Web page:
Strelsa Heckelman Lording (1925−2012)

Portrait of Strelsa HeckelmanStrelsa Heckelman, 1950. J. C. Williamson collection. National Library of Australia 

Strelsa Heckelman Lording, who danced under her maiden name Strelsa Heckelman in several early Australian ballet companies in the 1940s and 1950s, has died in Melbourne aged 87.

Described by friend and dancing colleague Athol Willoughby as ‘a sparkling dancer with a strong technique’, Heckelman began dancing early in her life in her home town of Brisbane. By the time she was thirteen she had passed all her Royal Academy of Dance examinations and shortly afterwards she was invited to take part in classes with Colonel de Basil’s Original Ballet Russe during the company’s 1940 Brisbane season. De Basil then invited her to follow the company to Sydney, which she did.

But, despite impressing de Basil, she did not join the Ballets Russes. Instead she continued her training as a full-time student with Hélène Kirsova in Sydney at Kirsova’s studios at Circular Quay and, when Kirsova started a ballet company herself in 1941, Heckelman joined it. She danced with the Kirsova Ballet until the company folded in 1944. With Kirsova she was part of the unique collaborative activities that Kirsova initiated when she commissioned composers, including Henry Krips, and designers such as Loudon Sainthill to work with her company.

Heckelman then joined Edouard Borovansky’s Borovansky Ballet performing in the company’s regular repertoire as well as in musical shows that Borovansky choreographed for the J. C. Williamson organisation. Later she danced with Laurel Martyn’s Melbourne-based company Ballet Guild, and in the early 1950s danced again in J. C. Williamson musicals, including Song of Norway and Oklahoma. Leading performers in musicals in the fifties were almost always brought in from overseas and Heckelman danced to considerble acclaim in both Song of Norway and Oklahoma with star American jazz dancer Matt Mattox.

Her final professional performances before retiring in 1953 to have her children were with the National Theatre Ballet in Melbourne. With the National her repertoire included the full-length Swan Lake, the Giselle peasant pas de deux, which she danced with Ray Trickett, and the Head Girl in Kira Bousloff’s staging of Graduation Ball. She also alternated with Valrene Tweedie as Columbine in Tweedie’s 1953 production of Carnaval for the National. 

Strelsa Heckleman in the peasant pas de deux from 'Giselle'. National Theatre Ballet, 1952. Strelsa Heckelman in the peasant pas de deux from Giselle. National Theatre Ballet, 1952. Photo: Walter Stringer. National Library of Australia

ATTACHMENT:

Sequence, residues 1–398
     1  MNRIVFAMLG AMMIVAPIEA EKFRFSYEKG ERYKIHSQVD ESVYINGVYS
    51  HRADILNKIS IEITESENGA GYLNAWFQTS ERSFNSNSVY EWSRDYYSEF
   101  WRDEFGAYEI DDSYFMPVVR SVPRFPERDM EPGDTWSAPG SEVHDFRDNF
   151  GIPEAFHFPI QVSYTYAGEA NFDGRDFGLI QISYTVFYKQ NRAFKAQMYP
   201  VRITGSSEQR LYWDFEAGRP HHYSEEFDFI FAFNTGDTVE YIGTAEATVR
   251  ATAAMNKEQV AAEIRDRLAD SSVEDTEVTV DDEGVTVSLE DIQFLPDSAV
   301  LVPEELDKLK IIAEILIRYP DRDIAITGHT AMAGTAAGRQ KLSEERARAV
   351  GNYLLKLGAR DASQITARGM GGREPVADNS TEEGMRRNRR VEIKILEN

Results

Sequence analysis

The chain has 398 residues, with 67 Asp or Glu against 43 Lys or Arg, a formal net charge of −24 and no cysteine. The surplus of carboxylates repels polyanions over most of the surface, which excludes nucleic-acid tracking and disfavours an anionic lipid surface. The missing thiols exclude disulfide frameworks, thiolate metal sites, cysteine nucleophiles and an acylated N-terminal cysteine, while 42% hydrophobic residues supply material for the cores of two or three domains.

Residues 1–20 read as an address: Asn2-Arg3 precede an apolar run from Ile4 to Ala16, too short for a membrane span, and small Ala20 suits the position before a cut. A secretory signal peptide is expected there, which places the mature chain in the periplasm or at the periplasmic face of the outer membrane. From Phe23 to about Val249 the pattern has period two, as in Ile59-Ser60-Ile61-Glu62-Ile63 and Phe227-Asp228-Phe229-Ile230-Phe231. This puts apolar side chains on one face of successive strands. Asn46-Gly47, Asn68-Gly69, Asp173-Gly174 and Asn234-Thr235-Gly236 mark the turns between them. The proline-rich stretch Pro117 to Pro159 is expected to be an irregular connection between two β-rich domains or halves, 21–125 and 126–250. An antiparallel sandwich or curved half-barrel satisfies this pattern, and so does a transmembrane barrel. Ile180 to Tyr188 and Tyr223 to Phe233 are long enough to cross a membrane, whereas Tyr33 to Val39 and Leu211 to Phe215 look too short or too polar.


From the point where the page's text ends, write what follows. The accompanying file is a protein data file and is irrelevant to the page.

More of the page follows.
Athol Willoughby recalls a somewhat incredible feat that took place during a rehearsal for the National’s Swan Lake. He says: ‘Our rehearsals for the 1952 season were conducted in a large church hall in the suburb of Hawthorn. At a rehearsal for “Swan Lake” Act 3, Strelsa was dancing in a cardigan because she had a cold. She began the 32 fouettes of the coda when her nose began to run. Without missing a beat she took a handkerchief from a pocket in the cardigan, blew her nose, put the hanky back in the pocket concluding the series of fouettes without moving from the spot. That seemed to me to be quite an achievement!’

In between jobs with a ballet companies, Heckelman worked in a photographer’s studio and later in the perfume department of the Melbourne department store, Georges. Following her stage career she established her own ballet school and also taught for other teachers in the Melbourne area. She remained active in the dance world in her later years and in 2002 became patron of the Tasmanian Ballet Company.

Heckelman once recalled that she never tired of dancing. She thought of every night as an opening night and always relished the overture starting, the curtain going up and seeing the lights in the theatre. That was the magic of the theatre for her.

Strelsa Heckelman married Jack Carruthers in 1951. After the death of Carruthers, Heckelman married Tom Lording in 1984. He died the following year. Heckelman is survived by a son, Ian, and a daughter, Lynn, from her first marriage.

Strelsa Heckelman Lording: born Brisbane, 20 July 1925; died Melbourne, 28 December 2012

Michelle Potter, 7 January 2013

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4 thoughts on “Strelsa Heckelman Lording (1925−2012)

  1. Thank you Michelle for this lovely personal tribute to Strelsa. She’d be touched and pleased, no doubt.
    Regards,
    Lisa
    Strelsa’s God daughter

  2. Thank you for your comment Lisa. I am very grateful to Athol Willoughby for his insights. But I am also pleased to be able to mention two companies in which your Godmother danced: the Kirsova Ballet and the National Theatre Ballet, which have suffered somewhat, I think, by the emphasis that has been given to Borovansky. I hope your Godmother would have been touched and pleased, as you suggest.

  3. Thank you for such a full and kind tribute to Strelsa. Aged 3, she introduced me to ballet (at her school), which lead me to many years and a strong love of dance. Though we had many an argument over terms (I trained in RAD), I will miss hearing the thud of her staff and her great presence in class.
    Regards
    Kara
    (Long time family friend and student)

  4. Kara, I enjoyed your comment about the arguments over terminology. I was originally RAD trained too and when I went to take classes with Valrene Tweedie I was at first a little taken aback by some of the terms. I could never get used to dégagés instead of battements glissés!

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